The session on ‘Media Fragmentation: How To Navigate Through Traffic’ say industry stalwarts discuss ways to negotiate emerging media trends to formulate the best media plan and get the best bang for a client’s money.
Moderator Bob O’Leary, MD and Head of Global Marketing, Consumer, Citi Bank, began with an overview of changes in consumer behaviour over time – for example, Asians now have 46,00 TV channels, 27,000 cinema screens, 900 newspapers – and how a media plan needs to take this into account.
The big point of the discussions was leveraging social media, with insights such as 57 per cent of Indians joining Twitter in the last one year.
On the critical area of focus in the Asian market, Kelly Clark, Worldwide CEO, Maxus, pointed out, “The biggest issue is finding talent – people who are curious, interested in change, able to negotiate the complex media environment. Most of the good work in our company comes from this region, and a substantial part of it is from India.”
Mainardo de Nardis, CEO, OMD Worldwide, added here that the challenge was also to retain this talent by providing the right environment, right philosophy and training and keep measuring the progress. On the companies and brands doing well in the region, de Nardis mentioned VISA’s trolley companion campaign, which provided the traveller a whole range of travel-related information in a package.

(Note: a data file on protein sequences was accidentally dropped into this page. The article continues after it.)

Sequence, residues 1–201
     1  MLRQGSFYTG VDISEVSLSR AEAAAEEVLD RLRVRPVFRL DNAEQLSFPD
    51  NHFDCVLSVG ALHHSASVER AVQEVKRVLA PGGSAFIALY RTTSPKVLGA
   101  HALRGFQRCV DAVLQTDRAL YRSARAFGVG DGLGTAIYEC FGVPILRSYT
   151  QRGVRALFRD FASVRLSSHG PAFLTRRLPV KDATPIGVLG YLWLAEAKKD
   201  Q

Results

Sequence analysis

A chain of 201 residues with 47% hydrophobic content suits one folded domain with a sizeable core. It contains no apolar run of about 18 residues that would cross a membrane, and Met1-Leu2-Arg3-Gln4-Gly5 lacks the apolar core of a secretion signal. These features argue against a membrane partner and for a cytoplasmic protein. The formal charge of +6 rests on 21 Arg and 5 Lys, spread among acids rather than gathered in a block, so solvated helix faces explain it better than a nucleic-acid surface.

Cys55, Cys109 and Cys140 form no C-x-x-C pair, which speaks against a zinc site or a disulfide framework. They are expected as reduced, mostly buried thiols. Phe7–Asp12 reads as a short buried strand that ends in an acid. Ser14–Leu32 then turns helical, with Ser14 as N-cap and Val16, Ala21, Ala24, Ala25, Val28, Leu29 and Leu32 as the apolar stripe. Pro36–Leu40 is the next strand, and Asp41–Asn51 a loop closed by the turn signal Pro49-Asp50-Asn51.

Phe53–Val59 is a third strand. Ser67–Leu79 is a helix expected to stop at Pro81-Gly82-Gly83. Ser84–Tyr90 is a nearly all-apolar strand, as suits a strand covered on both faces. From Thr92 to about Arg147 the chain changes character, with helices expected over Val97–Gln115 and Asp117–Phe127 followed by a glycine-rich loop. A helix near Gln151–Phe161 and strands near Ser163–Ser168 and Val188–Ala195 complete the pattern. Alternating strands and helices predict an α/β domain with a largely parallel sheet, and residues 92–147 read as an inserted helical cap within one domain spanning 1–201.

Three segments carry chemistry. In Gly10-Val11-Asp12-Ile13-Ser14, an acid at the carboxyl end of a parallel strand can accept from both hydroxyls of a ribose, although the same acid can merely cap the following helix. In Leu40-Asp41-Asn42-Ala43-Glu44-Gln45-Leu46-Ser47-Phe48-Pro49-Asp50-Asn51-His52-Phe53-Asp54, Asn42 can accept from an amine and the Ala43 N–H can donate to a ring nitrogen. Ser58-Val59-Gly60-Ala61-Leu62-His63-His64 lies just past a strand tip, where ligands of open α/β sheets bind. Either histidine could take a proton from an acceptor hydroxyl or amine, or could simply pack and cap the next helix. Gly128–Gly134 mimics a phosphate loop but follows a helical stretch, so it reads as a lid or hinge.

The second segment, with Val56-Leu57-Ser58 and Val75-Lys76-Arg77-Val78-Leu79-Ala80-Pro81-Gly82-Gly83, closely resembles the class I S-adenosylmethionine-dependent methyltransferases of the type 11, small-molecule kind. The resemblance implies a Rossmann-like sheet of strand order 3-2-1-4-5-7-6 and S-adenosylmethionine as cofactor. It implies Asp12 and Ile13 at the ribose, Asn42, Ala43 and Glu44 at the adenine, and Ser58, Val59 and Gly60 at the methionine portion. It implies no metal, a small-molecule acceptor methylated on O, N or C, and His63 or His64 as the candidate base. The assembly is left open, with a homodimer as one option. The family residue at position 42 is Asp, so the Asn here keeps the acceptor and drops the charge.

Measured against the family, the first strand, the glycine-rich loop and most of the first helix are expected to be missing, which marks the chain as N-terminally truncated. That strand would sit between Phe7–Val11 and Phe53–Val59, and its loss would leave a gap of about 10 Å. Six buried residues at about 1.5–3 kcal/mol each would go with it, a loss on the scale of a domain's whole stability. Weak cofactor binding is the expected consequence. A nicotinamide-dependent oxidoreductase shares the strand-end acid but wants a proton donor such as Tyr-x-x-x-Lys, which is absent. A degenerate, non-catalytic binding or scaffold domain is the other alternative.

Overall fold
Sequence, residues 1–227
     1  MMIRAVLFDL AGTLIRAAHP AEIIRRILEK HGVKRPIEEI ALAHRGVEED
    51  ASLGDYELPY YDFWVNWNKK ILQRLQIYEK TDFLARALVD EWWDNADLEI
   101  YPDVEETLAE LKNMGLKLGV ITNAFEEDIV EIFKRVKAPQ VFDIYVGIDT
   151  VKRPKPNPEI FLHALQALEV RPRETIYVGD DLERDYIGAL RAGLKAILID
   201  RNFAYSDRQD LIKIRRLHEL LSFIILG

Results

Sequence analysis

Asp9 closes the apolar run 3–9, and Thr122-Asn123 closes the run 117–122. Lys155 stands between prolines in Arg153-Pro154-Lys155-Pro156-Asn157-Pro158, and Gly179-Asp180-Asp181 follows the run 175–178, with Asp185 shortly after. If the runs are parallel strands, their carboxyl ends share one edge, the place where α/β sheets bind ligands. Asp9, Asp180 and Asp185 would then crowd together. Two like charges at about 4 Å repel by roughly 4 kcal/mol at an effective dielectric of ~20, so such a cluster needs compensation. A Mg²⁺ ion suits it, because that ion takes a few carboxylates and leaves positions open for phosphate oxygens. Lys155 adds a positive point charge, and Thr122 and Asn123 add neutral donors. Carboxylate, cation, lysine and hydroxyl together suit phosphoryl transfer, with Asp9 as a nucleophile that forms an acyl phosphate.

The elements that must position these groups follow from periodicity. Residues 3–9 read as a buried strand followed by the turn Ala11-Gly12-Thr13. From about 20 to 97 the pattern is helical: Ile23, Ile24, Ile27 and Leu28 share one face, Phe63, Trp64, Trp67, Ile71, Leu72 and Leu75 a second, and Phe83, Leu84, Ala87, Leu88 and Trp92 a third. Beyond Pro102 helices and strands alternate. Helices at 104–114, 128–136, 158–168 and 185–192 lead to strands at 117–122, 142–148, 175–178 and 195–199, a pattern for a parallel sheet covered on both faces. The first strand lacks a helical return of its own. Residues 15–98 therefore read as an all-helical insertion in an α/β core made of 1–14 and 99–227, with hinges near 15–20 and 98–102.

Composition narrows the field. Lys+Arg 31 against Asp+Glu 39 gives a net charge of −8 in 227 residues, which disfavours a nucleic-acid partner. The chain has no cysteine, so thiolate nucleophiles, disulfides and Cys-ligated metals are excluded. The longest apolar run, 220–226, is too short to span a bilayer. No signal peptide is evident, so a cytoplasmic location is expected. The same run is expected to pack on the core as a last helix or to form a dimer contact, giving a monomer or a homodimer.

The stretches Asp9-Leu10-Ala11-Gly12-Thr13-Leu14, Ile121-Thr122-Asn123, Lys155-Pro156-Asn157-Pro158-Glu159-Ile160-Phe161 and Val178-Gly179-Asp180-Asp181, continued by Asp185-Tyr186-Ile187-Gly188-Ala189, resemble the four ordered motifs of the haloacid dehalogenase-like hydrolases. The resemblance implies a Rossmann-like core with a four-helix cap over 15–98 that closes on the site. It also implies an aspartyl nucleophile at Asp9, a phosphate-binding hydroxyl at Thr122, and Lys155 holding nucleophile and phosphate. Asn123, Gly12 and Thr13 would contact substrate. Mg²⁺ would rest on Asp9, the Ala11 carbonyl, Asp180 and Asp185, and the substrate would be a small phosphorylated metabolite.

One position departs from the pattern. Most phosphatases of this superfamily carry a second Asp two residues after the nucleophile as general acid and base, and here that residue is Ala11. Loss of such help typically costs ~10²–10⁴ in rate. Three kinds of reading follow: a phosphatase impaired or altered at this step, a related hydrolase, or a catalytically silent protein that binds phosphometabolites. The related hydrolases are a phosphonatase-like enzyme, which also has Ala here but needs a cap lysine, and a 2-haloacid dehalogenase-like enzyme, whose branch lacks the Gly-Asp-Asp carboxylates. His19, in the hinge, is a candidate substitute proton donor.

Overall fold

Clark spoke of Nokia’s Priyanka Chopra ad campaign which had met with phenomenal success, and Nike capitalising on its global platform to come up with great insights for the local markets.
Both fielded questions on social media usage in markets in a lively discussion on why some brands excel and others do not on social media. Constant measurement of results, contextual relevance, where brand managers put the information to get closer and closer to the community were most important, Clark noted. An interesting question posed by a member of the audience was whether companies should maintain specialised websites to influence consumer opinion as most Indians researched online before buying products.